My therapist–in the noble and hopefully not futile pursuit of helping me reprocess certain “traumatic events” that “happened” “to me”–led me through a strange exercise during our last session. She told me to close my eyes and imagine a place, any place, in which I felt an uncomplicated and unconditional safety. I quickly cycled through a series of locations, rejecting them one by one. My childhood bedroom, for instance, carries many positive associations, but it’s also where a demonic wooden frog in face paint–a truly nightmarish sculpture that my mother, in a rare lapse, hung by wire from my ceiling so that it would sloooowwwwwly rotate above my bed–would spring to life each night as I holed up fearfully beneath my blankets and waited for the rational light of day to de-animate the dreaded beast.
After about a twenty seconds of fruitless envisage on my part, my therapist clarified, “It doesn’t have to be a real place. It can be anything, as long as you feel safe there.”
This allowance made, my brain instantly transported me to a familiar location: The Vermillion Minotaur, the fictional tavern where the improv fantasy podcast Hello from the Magic Tavern takes place. As a fully auditory experience, Magic Tavern establishes its location with a light touch of non-diegetic ambiance–softly clinking goblets, a crackling fire, indiscernible chitchat. I tend to listen to the podcast on headphones with no other distractions around me, sometimes in a dark room, chasing a fully immersive experience. Over time, I have built not so much a detailed picture of what the tavern looks like, but rather a vivid sensory impression of what it would feel like to be there, snug and warm by the fire, eyes half closed, letting the idle chatter and gentle laughter hug me like a comforting parent. In some ways, it is a place that feels more real to me than anywhere else in the world. An uncomplicated and unconditional safety.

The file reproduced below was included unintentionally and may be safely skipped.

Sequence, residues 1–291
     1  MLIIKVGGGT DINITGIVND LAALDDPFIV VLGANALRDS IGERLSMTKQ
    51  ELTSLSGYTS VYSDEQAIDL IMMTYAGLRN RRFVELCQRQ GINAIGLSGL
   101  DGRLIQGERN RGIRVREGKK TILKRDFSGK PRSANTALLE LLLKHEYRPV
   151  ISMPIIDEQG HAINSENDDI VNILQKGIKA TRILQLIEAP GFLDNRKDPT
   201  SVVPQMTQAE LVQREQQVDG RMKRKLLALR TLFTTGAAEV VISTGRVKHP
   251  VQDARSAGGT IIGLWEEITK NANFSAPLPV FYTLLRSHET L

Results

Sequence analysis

Finding solace in fictitious universes, clearly, is not a novel concept (haha). Much of fiction in any medium has an escapism component (obviously), which is why people will often credit TV characters as having gotten them through the toughest times of their lives, and why a made up bar tended by a cantankerous half-dwarf constitutes a safe space in the context of therapy. And while it would be easy to wave away this pedestal-placement of the fictional as trite and overblown–”it’s not even real”–it turns out, there is Actual Real Science that explains, to some degree, our affinity for made up places and people.
Psychologist Dr. Jennifer Barnes does a phenomenal Ted Talk on the subject of character deaths. “Logically we know that we don’t have relationships with make believe people,” she says. But it doesn’t matter, because our brains just aren’t very good at differentiating between real, reciprocal relationships with other people, and what are known as parasocial relationships.
Most definitions of parasocial relationships characterize them as one-sided relationships between consumers and celebrities, but Dr. Barnes applies the term to imagined relationships with fictional characters as well. During this talk, she shares some research on the subject of fictional deaths v.s. the deaths of casual acquaintances: women, on average, reported feeling significantly more grief at the thought of the death of a fictional character than at the death of an acquaintance, while for men it was half and half–which, Dr. Barnes points out, means there was still no statistically significant group of people who would definitely be sadder about the real person dying. “It seems that what matters is how close you are to the person, not whether or not they’re real.” In other words, no matter how irrational it may seem, our brains process these parasocial friendships the same way it would process a real relationship. The reason for this has to do with how much time we spend with these characters, and the fact that we tend to see them in their most vulnerable moments. It’s like a friend sharing personal information with us to establish intimacy and bring us closer.
In much the same way, fictional locations can become as significant as any real places we spend time in. In part two of this blog, I’ll expound on the importance of fictional worlds when dealing with the brutalities and challenges of real life.